Mental health following the volcanic eruption in Eyjafjallajökull volcano in Iceland in 2010. A population-based study

by Ólöf Sunna Gissurardóttir 1985

Institution: University of Iceland
Year: 2015
Keywords: Lýðheilsuvísindi
Record ID: 1222095
Full text PDF: http://hdl.handle.net/1946/20888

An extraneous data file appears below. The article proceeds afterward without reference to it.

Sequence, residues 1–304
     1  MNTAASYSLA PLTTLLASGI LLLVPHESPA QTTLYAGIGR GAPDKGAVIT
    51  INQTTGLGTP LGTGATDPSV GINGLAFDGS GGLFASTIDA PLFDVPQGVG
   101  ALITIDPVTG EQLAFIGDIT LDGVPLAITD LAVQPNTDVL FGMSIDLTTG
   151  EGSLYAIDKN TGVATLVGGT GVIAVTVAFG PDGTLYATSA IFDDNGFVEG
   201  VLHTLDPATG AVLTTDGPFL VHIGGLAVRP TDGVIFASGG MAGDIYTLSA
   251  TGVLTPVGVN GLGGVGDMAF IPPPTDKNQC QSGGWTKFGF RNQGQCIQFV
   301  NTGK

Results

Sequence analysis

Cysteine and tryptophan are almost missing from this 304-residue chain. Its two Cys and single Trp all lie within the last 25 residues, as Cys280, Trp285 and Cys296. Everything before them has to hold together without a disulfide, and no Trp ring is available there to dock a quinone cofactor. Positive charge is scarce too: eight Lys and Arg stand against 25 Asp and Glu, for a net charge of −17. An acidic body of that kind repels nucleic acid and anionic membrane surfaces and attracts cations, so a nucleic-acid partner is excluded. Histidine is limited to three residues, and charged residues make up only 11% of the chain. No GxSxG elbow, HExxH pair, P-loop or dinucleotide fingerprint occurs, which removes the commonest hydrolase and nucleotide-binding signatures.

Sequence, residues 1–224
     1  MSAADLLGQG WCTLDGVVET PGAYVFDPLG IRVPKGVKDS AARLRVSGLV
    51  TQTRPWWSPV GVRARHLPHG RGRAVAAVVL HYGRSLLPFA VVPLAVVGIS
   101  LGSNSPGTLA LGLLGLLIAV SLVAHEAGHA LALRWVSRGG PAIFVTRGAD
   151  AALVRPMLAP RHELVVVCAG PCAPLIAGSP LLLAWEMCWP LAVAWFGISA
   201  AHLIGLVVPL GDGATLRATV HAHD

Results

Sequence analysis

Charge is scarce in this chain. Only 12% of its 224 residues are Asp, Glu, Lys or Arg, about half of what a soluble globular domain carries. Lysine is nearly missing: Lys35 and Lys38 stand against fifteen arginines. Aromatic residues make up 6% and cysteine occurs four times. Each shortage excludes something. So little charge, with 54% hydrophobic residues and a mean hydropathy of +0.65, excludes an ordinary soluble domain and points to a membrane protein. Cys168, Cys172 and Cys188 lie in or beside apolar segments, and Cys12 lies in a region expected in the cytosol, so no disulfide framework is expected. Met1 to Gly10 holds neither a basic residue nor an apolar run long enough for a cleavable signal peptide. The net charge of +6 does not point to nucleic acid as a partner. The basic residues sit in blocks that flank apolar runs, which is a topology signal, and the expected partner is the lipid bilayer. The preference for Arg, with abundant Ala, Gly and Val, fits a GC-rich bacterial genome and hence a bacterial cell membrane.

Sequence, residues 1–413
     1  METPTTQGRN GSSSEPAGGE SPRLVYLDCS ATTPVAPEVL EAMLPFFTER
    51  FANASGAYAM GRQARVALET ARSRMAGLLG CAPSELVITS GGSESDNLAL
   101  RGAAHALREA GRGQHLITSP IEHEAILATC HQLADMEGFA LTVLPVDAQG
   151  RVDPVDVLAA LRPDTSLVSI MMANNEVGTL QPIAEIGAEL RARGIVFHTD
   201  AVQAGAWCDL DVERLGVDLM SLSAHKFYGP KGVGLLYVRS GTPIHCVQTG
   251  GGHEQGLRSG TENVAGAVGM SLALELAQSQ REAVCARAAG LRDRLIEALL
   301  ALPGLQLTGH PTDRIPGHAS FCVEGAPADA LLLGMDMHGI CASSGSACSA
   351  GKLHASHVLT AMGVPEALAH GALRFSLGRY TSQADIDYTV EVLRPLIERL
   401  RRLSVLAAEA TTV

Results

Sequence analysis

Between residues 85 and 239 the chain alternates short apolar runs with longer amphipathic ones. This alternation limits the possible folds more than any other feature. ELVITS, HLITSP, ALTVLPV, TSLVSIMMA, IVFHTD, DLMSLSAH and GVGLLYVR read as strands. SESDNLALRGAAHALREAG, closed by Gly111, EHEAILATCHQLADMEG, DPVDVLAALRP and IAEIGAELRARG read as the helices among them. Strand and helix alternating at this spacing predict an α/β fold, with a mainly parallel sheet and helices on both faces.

Volcanic eruptions and other natural disasters have a great impact on a large number of people throughout the world every year. Being exposed to a volcanic eruption can entail physical consequences, such as mortality, injuries or communicable diseases, and psychological consequences, such as post-traumatic stress disorder (PTSD) or depression. The aim of this study was to examine the mental health effects of the 2010 Eyjafjallajökull volcanic eruption in Iceland on nearby residents, six to nine months after the eruption ended. A further aim was to examine whether potential mental health effects differentiated by level of exposure and having experienced the volcanic eruption directly. This cross sectional study included 1,615 residents living in an area close to the Eyjafjallajökull volcano at the time of the eruption and a sample of 697 residents from a non-exposed area in North Iceland. In fall of 2010, six to nine months after the eruption ended, all consenting participants received a questionnaire, containing questions on physical and mental well-being (General Health Questionnaire - 12-item version (GHQ-12), Perceived stress scale (PSS-4) and Primary care PTSD (PC-PTSD)). Additional questions regarding experience of the volcanic eruption were also included for the exposed group. Questionnaires were received from 1,146 participants in the exposed group (71%) and 510 participants in the non-exposed group (73%). Results showed that participants living in the high-exposed area were at increased risk of experiencing mental distress (GHQ-12 score ≥3) 6-9 months following the eruption (OR 1.39%; 95% CI 1.06 to 1.83), compared to the non-exposed group. High-exposed participants were furthermore at increased risk of experiencing symptoms of post-traumatic stress disorder (PTSD), compared to those living in the low-exposed area (OR 3.74; 95% CI 1.16 to 12.11). Lastly, for the exposed group, the following predictors for symptoms of mental distress, PTSD symptoms and perceived stress were identified: own property damaged (mental distress: OR 2.70; 95% CI 2.02 to 3.60, PTSD symptoms: OR 5.21; 95% CI 2.98 to 9.11 and perceived stress: OR 1.37; 95% CI 1.02 to 1.85), having felt insecure during the eruption (mental distress: OR 3.56; 95% CI 2.40 to 5.26, PTSD symptoms: OR 11.35; 95% CI 6.67 to 19.31 and perceived stress symptoms: OR 2.33; 95% CI 1.55 to 3.49), having had to use protective equipment outside during the eruption (mental distress: OR 1.53; 95% CI 1.11 to 2.11 and PTSD symptoms: OR 2.39; 95% CI 1.23 to 4.62), having had to stay outdoors in ash fall due to work or other duties (mental distress: OR 1.59; 95% CI 1.17 to 2.15, PTSD symptoms: OR 4.77; 95% CI 2.39 to 9.52 and perceived stress symptoms: OR 1.54; 95% CI 1.12 to 2.12), and having had a view of the volcanic eruption from their home (mental distress: OR 3.08; 95% CI 1.89 to 5.04, PTSD symptoms: OR 14.22; 95% CI 1.96 to 103.27 and perceived stress symptoms: OR 1.78; 95% CI 1.13 to 2.80). These findings of increased psychological morbidity following the volcanic…